Rethinking peacekeeping

Senior Lecturer at the University of Auckland, Dr Maria Armoudian, was invited to speak as part of the 75 for UN75 online conversations.

Leading up to 75th anniversary of the United Nations (UN75) The United Nations
Academic Impact group organised a series of 75 minute online conversations (75 for UN75) on pressing issues of global reach and relevance. They serve as a space for academic reflection with the participation of experts, practitioners and scholars, to address such issues and exchange ideas.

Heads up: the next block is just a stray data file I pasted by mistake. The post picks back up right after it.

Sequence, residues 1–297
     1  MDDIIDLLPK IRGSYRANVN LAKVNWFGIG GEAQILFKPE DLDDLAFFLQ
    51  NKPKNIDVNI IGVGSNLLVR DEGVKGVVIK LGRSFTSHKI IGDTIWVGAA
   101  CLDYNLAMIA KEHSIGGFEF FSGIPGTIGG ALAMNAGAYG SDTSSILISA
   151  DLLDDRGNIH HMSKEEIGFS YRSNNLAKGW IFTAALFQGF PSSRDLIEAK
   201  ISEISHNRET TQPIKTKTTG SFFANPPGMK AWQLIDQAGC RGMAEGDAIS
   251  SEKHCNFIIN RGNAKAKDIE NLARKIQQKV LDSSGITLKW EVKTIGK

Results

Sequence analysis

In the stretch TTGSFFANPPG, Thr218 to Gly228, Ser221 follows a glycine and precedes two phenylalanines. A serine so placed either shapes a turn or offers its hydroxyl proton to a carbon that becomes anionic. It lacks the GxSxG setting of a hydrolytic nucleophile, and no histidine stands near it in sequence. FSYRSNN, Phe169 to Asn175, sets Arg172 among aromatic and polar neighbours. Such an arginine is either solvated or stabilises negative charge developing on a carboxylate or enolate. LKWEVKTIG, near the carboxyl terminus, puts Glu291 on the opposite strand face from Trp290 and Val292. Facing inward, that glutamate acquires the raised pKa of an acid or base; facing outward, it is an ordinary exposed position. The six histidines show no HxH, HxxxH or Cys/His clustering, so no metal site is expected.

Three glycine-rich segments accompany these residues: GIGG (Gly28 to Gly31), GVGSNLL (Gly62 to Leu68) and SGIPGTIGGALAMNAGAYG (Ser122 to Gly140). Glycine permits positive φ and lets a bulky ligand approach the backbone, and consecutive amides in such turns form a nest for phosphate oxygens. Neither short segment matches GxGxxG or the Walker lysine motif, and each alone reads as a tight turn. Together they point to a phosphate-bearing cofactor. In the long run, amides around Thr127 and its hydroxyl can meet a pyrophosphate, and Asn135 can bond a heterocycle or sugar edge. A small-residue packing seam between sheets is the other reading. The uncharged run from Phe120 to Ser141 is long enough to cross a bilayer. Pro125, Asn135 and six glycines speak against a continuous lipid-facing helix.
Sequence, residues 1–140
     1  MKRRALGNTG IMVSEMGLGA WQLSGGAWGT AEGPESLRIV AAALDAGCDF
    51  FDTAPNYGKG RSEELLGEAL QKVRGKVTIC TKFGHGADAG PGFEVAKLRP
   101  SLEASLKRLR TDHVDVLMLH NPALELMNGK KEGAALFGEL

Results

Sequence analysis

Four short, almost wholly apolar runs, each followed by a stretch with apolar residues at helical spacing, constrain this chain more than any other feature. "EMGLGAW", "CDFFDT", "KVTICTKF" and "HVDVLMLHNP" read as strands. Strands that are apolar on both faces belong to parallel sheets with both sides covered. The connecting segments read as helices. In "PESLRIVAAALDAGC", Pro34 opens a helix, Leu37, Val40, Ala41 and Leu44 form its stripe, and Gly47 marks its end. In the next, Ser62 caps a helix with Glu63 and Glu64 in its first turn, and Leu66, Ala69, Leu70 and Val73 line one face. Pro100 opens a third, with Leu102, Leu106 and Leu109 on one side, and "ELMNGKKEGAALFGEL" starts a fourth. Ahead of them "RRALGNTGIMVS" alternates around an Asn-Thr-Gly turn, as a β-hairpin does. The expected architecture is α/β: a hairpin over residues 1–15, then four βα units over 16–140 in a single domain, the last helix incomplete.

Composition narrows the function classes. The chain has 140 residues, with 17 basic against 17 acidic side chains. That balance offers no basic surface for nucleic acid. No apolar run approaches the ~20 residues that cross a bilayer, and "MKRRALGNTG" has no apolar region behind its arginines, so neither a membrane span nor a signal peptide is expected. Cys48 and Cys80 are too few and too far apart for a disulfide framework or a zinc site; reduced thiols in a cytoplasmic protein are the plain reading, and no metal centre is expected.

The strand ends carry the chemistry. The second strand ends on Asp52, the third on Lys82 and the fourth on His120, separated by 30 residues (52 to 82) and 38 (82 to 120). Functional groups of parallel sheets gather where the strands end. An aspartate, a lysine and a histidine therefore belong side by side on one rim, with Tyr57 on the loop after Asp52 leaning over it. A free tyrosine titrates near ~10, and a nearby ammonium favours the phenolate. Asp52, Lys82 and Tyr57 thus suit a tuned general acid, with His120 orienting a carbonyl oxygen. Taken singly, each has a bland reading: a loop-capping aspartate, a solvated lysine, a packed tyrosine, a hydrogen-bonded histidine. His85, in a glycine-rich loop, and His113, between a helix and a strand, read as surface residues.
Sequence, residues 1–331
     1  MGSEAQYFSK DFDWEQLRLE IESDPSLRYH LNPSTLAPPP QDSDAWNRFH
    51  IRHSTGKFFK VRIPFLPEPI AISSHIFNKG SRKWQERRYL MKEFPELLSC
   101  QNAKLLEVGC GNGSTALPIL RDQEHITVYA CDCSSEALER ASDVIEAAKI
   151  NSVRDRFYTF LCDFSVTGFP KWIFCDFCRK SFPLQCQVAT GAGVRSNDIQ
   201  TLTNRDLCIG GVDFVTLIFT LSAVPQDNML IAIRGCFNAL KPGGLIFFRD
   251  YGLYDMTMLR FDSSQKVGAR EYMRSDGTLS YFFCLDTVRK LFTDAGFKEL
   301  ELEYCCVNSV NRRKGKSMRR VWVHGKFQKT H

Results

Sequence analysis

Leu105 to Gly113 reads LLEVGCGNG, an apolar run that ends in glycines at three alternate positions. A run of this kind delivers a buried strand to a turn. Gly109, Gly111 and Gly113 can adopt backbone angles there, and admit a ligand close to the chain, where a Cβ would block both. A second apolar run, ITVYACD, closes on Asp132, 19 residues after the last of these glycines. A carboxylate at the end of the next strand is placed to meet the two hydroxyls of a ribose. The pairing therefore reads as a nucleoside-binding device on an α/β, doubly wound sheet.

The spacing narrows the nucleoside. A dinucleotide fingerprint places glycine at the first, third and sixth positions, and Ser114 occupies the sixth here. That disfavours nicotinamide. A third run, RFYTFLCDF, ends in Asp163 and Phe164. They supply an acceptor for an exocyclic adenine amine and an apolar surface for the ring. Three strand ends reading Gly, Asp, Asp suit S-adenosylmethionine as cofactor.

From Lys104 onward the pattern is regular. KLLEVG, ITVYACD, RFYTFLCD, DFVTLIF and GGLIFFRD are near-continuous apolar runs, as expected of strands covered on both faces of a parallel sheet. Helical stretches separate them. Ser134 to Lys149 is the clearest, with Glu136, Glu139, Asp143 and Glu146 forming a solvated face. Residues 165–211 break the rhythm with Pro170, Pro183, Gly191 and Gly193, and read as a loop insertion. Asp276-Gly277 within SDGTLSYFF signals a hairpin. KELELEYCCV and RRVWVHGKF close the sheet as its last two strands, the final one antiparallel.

Coinciding with the International Day of UN Peacekeepers, Dr Armoudian examined the role of journalism in portraying the work of peacekeeping missions in the digital age where information is unfiltered.

Critical journalism, Dr Armoudian underlined, “can mean the difference between life and death for peacekeepers and the peace kept.” Studies show that traditional media is more inclined to cover crisis, violence and conflict, and this overrides coverage of the achievements of the peacekeepers’ work.

“The media does not cover the post-conflict very well, which makes it hard to convey what peacekeeping missions are trying to do and the success they bring,” observed Dr Armoudian. These disparities can lead to unbalanced coverage, but this can be reduced through research and studies that provide best practices for media professionals. More investments and scholarships are needed to support such studies on critical journalism.